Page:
Types of carrier states 1. Animal: harbors a disease, but does not show symptoms. 2. Heterozygote: carrier of recessive gene. 3. Edible material
Term: indirect transmission Definition: occurs when there is no direct human-to-human contact. Contact occurs from a reservoir to contaminated surfaces or objects, or to vectors such as mosquitoes, flies, mites, fleas, ticks, rodents or dogs.
Goals of epidemiology 1. Maintenance/promotion of healthy state. 2. Preventive: inhibit the transition from healthy to unhealthy by avoiding/minimizing exposure to risk factors. 3. Curative: increase recovery from unhealthy to the healthy state, thus minimizing mortalities.
Epidemiological studies Disease etiology, outbreak investigation, disease surveillance and screening, biomonitoring, and comparisons of treatment effects such as in clinical trials.
Descriptive study Information is collected without changing the environment (nothing is manipulated); looks at disease distribution as classified by person, place, and time for both acute and chronic disease prevention.
Analytic study Relies on comparisons between groups to determine the role of various risk factors in causing the problem.
Portal of entry A portal of entry is the site through which micro-organisms enter the susceptible host and cause disease/infection.
Ports of entry Mucous membranes, the skin, the respiratory and the gastrointestinal tracts.
Portal of exit Site from where micro-organisms leave the host to enter another host and cause disease/infection.
Ports of exit Upper respiratory tract (saliva, sneezing, coughing) Gastrointestinal tract (feces, vomit) Blood, in utero Urogenital tract (semen,vaginal secretions, urine) Skin and mucous membranes (discharges from infected skin lesions and infected wounds)
Direct transmission Occurs when an infected person touches or exchanges body fluids with someone else.
Types of direct transmission Person-to-person or droplet spread
Types of indirect transmission Airborne, contaminated objects/surfaces, insect bites (vector-borne), food- or waterborne, animal- or environmental reservoirs.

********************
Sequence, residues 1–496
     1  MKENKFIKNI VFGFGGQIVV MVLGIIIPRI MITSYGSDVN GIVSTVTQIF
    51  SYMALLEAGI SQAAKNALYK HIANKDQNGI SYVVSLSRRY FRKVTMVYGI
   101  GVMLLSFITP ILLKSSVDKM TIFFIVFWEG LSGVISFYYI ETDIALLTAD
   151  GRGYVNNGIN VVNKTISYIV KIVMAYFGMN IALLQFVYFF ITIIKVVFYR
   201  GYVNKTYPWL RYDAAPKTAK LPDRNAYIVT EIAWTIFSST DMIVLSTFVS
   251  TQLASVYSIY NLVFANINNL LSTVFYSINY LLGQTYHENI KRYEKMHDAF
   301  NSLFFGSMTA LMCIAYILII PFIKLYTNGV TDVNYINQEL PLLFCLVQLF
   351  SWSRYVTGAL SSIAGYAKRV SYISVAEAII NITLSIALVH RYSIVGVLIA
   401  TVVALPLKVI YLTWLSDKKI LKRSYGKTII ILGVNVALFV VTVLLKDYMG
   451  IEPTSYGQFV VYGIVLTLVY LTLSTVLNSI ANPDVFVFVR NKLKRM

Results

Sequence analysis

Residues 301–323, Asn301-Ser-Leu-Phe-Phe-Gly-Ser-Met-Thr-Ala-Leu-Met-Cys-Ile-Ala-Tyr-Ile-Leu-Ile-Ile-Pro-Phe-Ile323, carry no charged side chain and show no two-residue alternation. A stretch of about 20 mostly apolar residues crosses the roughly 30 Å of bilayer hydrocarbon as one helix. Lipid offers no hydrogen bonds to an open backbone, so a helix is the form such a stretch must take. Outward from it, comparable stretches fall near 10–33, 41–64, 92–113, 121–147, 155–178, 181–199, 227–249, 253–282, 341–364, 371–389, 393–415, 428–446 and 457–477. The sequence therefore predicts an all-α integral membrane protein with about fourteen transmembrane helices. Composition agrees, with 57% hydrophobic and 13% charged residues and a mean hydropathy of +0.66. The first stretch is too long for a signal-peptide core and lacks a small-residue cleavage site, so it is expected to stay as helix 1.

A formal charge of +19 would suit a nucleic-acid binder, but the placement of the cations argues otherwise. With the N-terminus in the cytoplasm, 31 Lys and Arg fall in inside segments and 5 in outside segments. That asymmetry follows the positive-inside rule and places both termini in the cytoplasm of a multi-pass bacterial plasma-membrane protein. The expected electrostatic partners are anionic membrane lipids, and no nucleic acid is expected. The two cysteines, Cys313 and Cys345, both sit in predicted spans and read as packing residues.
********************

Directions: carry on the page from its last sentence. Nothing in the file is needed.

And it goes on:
Susceptible host A member of a population who is at risk of becoming infected by a disease.
Leukocytes The cells of the immune system that are involved in defending the body against both infectious disease and foreign invaders.
Strategic planning Identifies an organization's strengths and weaknesses and recommends actions necessary to reach its most desirable future (its vision).
Mission statement The formalized purpose and objectives of an organization, including the legal mandate and the organization's responsibility in resolving specific issues.
Elements of strategic planning Values, goals, objectives, strategies, plan evaluation, and other related principles.
Malfeasance The doing of an act that is wrongful and that is known to be wholly unauthorized by the official.
Misfeasance The doing of an authorized act in an unauthorized manner.
Nonfeasance The failure to perform an official duty without sufficient excuse.
Nephelometric Turbidity Units (NTUs) The measure of the amount of light scattered by particles suspended in a water test sample.
Schistosomiasis The disease for which Swimmer's Itch is the common name.
Spread of communicable and noninfectious diseases Source-->mode of transmission-->susceptibility
Source Agent factors (physical, chemical, biological) such as food, parasites, toxic plants, noise, radiation, toxic substances.
Mode of Transmission Contributing factors (environmental factors) such as environmental pollutants, personal behavior, level of hygiene, work, travel, climate.
Susceptibility (Host factors) all animals or susceptibles, resulting in acute, chronic, or delayed effects; depending on the portal of entry, dose, and virulence or toxicity of the agent; natural and acquired resistance of host, and lifestyle.
Principle of Multiple Barriers Simultaneously erect barriers aimed at all 3 links in the spread of communicable and noninfectious disease chain where possible.
Created by: drchang